Most lawyers tell their clients that back-to-school supplies are supposed to be paid for with child support. However, that perspective is not uniform or best for every family. The cost of school supplies or technology or after-school sports gear can cost way more than monthly child support. To avoid an argument or having one parent tell the child that he or she is the parent paying for all the school supplies, have a conversation about how to pay for all or some of the items on the supply list. This conversation will help set a positive tone for your co-parenting relationship during the school year.
4. The first day of school.
Depending on the age of your child, the first day of school can be a big emotional deal. Think about how you would feel if the first day of school didn’t fall on your custody time and you didn’t get to be with your child for that event. Although this may be difficult (especially if you are newly divorced), you should offer the other parent the opportunity to be with you for the drop-off on the first day of school. It will only be a difficult situation for less than 10 minutes, but your recognition of this being important to the other parent should pay big dividends in your school year co-parenting relationship and speak volumes to your child that both parents are involved with school.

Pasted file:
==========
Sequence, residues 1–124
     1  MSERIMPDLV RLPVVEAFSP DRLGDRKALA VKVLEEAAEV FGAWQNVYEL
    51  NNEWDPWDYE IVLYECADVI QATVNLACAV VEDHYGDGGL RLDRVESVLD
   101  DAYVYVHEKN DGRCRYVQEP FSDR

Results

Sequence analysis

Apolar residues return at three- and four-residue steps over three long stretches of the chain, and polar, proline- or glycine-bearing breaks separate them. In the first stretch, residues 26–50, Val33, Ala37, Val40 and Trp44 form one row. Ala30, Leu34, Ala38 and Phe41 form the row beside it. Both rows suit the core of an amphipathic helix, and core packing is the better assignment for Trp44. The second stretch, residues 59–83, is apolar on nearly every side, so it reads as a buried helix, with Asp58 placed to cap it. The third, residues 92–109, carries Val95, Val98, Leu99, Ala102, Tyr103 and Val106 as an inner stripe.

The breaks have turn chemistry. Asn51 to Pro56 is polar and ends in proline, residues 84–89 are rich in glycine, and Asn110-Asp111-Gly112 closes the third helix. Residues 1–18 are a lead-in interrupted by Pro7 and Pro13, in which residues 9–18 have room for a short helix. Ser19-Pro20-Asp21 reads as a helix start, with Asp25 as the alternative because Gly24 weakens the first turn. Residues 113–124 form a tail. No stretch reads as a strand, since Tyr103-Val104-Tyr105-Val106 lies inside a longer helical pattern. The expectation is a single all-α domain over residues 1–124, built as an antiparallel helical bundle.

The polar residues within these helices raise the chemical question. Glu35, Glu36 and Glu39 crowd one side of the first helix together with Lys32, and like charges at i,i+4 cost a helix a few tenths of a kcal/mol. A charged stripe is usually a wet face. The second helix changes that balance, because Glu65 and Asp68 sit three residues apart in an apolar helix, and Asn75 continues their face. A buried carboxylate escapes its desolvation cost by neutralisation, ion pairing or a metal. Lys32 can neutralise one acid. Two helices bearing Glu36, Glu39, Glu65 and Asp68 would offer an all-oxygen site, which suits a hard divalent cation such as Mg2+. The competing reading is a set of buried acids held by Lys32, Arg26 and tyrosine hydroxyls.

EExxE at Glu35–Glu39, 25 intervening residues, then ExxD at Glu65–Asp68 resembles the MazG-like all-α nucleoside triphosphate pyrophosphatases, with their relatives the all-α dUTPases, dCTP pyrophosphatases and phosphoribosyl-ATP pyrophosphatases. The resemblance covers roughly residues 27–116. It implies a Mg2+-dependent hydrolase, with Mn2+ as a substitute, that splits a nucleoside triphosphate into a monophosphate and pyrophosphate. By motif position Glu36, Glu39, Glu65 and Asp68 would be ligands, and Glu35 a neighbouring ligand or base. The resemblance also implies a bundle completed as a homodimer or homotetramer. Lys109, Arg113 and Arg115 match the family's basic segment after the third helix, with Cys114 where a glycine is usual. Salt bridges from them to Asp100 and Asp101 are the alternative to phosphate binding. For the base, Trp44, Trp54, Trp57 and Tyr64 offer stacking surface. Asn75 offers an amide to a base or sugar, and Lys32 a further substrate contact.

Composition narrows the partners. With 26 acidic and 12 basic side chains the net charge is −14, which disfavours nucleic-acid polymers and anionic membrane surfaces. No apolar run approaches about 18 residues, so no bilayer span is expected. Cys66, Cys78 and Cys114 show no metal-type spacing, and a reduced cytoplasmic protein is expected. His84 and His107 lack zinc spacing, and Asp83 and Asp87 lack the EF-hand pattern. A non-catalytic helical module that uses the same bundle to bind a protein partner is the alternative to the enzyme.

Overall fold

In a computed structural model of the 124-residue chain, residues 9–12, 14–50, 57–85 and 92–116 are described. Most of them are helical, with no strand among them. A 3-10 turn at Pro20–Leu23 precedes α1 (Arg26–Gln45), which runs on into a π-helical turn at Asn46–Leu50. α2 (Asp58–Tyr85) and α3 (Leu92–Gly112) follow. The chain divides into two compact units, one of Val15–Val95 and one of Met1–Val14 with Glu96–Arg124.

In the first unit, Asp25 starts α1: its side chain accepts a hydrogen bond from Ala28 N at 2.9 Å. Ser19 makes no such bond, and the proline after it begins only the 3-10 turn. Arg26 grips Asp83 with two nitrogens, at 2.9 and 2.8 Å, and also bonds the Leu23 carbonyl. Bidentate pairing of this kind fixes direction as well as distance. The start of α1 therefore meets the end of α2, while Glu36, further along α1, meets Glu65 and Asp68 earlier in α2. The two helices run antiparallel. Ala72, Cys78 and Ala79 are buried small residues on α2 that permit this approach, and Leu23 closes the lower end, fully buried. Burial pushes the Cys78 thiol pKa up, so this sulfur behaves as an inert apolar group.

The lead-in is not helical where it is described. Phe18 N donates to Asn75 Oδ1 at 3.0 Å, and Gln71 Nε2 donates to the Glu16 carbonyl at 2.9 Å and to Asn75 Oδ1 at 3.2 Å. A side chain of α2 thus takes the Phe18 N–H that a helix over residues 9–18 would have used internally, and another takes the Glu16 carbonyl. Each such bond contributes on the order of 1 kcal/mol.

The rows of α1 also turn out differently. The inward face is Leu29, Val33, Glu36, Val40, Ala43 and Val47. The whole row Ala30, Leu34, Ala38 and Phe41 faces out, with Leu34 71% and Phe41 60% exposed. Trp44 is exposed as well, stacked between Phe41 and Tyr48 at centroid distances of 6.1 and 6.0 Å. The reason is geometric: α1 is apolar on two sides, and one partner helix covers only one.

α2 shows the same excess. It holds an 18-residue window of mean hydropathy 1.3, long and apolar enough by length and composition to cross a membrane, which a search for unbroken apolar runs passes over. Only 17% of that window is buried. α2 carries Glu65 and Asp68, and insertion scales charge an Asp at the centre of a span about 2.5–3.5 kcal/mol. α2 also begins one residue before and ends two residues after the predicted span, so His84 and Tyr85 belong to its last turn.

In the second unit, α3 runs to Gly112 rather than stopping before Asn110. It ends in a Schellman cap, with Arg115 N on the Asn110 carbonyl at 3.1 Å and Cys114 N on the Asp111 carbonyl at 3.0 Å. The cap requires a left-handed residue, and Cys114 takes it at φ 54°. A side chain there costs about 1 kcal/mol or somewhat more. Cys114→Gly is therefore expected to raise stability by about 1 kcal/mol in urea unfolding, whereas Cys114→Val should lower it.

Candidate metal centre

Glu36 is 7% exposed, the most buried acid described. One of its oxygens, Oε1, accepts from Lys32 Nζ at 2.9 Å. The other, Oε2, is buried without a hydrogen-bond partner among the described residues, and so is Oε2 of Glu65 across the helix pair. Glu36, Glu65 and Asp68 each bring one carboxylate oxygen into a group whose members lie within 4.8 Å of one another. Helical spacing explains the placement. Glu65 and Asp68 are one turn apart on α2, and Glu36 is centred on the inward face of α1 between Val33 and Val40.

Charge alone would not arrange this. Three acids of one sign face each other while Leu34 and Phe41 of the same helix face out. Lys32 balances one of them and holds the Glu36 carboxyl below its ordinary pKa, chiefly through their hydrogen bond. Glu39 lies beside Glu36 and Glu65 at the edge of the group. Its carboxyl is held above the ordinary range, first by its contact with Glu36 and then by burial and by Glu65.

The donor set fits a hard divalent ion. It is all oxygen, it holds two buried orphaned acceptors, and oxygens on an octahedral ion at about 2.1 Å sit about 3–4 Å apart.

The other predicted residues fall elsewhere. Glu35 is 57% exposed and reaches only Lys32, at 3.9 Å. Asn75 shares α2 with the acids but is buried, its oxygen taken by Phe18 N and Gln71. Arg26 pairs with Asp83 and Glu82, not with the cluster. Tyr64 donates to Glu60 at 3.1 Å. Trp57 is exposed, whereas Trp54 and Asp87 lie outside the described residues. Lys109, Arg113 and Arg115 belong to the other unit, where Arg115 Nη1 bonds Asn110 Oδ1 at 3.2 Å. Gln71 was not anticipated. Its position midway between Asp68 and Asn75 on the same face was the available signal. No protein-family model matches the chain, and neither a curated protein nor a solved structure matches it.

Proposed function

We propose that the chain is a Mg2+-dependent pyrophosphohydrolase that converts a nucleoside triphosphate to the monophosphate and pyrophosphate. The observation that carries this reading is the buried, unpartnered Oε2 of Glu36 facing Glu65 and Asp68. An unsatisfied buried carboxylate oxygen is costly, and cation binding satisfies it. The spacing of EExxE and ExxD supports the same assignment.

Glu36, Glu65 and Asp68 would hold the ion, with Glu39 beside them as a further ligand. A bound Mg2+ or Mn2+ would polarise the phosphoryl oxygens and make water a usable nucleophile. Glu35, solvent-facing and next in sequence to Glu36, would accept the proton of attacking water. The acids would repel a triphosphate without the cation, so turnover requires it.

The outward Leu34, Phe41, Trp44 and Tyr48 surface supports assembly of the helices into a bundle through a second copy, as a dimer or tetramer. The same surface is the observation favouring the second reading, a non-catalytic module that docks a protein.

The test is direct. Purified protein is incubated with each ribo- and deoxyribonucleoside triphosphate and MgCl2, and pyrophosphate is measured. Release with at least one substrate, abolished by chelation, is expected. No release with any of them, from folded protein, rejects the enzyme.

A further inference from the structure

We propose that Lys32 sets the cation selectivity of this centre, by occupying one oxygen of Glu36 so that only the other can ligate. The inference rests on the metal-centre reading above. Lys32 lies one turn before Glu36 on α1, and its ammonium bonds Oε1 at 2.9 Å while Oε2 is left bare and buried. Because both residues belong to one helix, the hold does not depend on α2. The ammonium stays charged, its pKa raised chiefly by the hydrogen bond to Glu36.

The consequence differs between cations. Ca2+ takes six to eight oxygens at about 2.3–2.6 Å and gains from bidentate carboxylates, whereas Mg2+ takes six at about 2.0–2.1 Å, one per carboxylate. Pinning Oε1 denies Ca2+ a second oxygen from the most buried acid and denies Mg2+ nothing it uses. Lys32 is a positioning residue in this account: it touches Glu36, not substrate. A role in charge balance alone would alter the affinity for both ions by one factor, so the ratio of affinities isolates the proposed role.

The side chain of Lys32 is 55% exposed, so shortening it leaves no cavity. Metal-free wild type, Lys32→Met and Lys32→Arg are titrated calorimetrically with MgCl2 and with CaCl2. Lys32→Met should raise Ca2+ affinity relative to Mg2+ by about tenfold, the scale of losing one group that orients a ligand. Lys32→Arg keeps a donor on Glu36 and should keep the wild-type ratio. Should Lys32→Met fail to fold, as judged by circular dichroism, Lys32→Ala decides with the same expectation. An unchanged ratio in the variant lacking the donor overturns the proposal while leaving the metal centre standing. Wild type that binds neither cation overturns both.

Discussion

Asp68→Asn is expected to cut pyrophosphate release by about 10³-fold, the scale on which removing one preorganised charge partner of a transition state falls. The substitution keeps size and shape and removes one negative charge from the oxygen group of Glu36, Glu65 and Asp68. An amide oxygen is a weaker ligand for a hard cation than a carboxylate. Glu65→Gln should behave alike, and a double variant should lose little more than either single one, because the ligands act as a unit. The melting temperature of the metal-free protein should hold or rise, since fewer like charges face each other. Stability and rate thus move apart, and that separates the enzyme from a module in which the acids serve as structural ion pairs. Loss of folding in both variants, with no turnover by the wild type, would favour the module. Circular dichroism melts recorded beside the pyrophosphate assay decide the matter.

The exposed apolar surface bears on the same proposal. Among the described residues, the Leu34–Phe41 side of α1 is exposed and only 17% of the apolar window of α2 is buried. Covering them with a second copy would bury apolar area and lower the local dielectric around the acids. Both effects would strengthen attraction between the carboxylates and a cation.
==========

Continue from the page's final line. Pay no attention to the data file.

5. Agree on when homework will be completed each day.
You should agree at the beginning of a school year to share homework duties as equally as possible. It’s not fair for one parent to take on most of the homework while the other parent doesn’t have to participate. Have a conversation and agree to when your child will complete homework each day. Then each parent should follow through by discussing the rules with the child, so he or she knows the rules are the same at both houses. This should avoid missing assignments or the failure to know whether large school projects are being worked on. This will also avoid one parent being blamed for a child’s failure and eliminate either parent putting pressure on a child for being the messenger for deadlines. Try to keep the other parent informed and share homework deadlines and progress reports regularly to prevent any problems.